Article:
Inside No. 9 series 5 episode 2 review: Death Be Not Proud

Pemberton and Shearsmith give the fans what they want in Death Be Not Proud. Spoilers in our review…

Jenna Coleman in Inside No. 9 Death Be Not Proud
Photo: BBC Pictures

This review contains spoilers.

5.2 Death Be Not Proud

If last week’s episode was a generous half hour’s entertainment for the general public, then Death Be Not Proud was one for the fans. Not Inside No. 9 fans, but Psychoville fans, devotees who’ve been clamouring for the black comedy to return since it ended almost a decade ago. 

Return it has, in the form of this surprise crossover featuring none-more-dysfunctional mother-son duo Maureen and David Sowerbutts. Ladies, gentlemen and embittered party clowns: welcome to the Pemberton/Shearsmith Cinematic Extended Universe.

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We were already there, sort of. In Bernie Clifton’s Dressing Room, an ex-comedian-gone-straight explained that he’d had YouTube clips of his former act taken down because he couldn’t afford “to go into a meeting with HSBC and someone’s found me as Tina Turner with tights on my head and ping-pong balls for eyes”. That was a sly in-joke for fans of Pemberton and Shearsmith’s 2009-2011 Psychoville. This was a 30-minute deluge. 

The first five minutes (ensuring the secret was kept, all that was made available to press before it aired) were played straight. We met young couple Beattie and Sam – Jenna Coleman and Kadiff Kirwan – new homeowners who’d scored a bargain on their flat thanks to its grim past. The murder house story became a haunted house story, complete with nods to Poltergeist. Then came a ring at the door, an unmistakeable haircut and Joby Talbot’s musical Psychoville sting. 

There were clues even before Steve Pemberton introduced himself as David, but you’d need psychic powers to have spotted them on a first viewing. Talk of a corpse in the bath (Maureen’s final resting place at the end of Psychoville), a background radio mentioning Wood Green (the location of David and Maureen’s flat), the ghostly blender action (referencing David’s love of smoothies), the smiley sausage, the ping-pong eyeballs, the return of Psychoville director Matt Lipsey … it’s all there, waiting to reward this show’s now-customary second or third watch.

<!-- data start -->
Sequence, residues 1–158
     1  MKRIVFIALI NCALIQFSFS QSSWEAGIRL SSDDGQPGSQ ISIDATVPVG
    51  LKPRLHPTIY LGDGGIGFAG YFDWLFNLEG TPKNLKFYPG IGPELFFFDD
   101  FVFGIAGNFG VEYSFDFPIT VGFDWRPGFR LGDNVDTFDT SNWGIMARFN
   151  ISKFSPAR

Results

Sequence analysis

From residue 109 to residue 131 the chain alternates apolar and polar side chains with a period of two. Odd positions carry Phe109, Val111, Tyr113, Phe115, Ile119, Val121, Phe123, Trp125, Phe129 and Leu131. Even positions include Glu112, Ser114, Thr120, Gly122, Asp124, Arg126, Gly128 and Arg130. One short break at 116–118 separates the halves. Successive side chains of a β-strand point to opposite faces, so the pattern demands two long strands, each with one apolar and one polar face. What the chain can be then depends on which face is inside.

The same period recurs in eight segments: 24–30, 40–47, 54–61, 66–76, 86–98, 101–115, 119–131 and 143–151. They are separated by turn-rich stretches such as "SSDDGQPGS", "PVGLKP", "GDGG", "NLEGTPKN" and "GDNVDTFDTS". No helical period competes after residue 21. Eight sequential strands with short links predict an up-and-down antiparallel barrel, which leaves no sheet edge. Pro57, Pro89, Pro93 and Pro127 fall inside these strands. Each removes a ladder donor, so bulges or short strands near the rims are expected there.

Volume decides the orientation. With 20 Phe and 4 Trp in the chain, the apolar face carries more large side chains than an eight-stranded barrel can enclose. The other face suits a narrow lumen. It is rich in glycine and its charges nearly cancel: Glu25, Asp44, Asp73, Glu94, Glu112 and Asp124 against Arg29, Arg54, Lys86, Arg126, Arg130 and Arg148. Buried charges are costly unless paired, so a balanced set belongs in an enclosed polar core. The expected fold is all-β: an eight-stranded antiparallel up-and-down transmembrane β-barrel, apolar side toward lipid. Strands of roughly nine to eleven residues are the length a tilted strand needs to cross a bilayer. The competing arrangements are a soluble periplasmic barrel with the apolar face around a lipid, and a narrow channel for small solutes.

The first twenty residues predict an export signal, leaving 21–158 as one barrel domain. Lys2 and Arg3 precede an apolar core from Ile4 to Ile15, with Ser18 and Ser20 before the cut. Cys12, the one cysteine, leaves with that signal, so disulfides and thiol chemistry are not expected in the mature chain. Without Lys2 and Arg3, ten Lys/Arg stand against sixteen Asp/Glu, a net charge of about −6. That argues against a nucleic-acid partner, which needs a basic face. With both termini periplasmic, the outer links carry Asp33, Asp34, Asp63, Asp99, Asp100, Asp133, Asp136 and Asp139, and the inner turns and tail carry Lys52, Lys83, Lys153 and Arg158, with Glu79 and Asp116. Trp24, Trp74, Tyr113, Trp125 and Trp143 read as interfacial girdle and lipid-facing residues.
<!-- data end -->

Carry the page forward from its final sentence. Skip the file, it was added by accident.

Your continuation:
What followed was a bonus Maureen and David episode, told in flashback. A series of darkly comic sketches outlined the Sowerbutts’ peculiar dynamic, proof that Pemberton and Shearsmith’s talent for unsettling comedy is going nowhere. The characters clearly still fit like a glove, with Shearsmith’s sour, malevolent Maureen a scene-stealer every time. 

Those two weren’t the only return acts. Sarah Solemani’s gormless Emily was back, David Bamber’s murder mystery boss Robin was wedged in wearing a nappy in one particularly weird scene, and Shearsmith doubled up for a cameo as nightmare children’s clown-for-hire Mr Jelly. Even Maureen’s death scene was recreated, complete with a replay of the excellent John Donne/did gag.

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Read more: Psychoville – revisiting a brilliant, bizarre comedy

With all the Maureen and David action, there wasn’t much time to establish Coleman’s character as somebody unhinged enough to stab her partner and then sashay around cheerily while his body rots, but even that was set up in the mildest of ways with Sam’s “you are susceptible…” note of warning for her not to get obsessed with the flat’s history. Anyway, Coleman and Kirwan were less guest stars here and more red herrings. 

What a non-Psychoville viewer would make of the episode boggles the mind. Maureen and David’s dance routines (a new one! Soulja Boy’s Crank That!) feel like a standalone joy, but without the jolt of recognition, could just inspire befuddlement. The same goes for the characters themselves, exaggerated, warped comedy types whose wrongness could equally make you recoil as laugh. One thing’s certain, between the bath-sludge corpse and the baby-boiling, nobody can accuse Inside No. 9 of going soft in its old age. Indulging itself maybe, but never softening. 

Any indulgence has been well earned at this stage in the show’s career. The crossover was a punt worth taking. Loyal fans will have been delighted by the treat of it all and the odd newcomer will have been enchanted enough to seek out the Psychoville back catalogue (on Britbox currently, not BBC iPlayer). As for the non-odd newcomer? Well, easy come, easy go. 

Read Louisa’s review of the previous episode, The Referee’s A W***er, here. And here are the nerdy details spotted in Death Be Not Proud.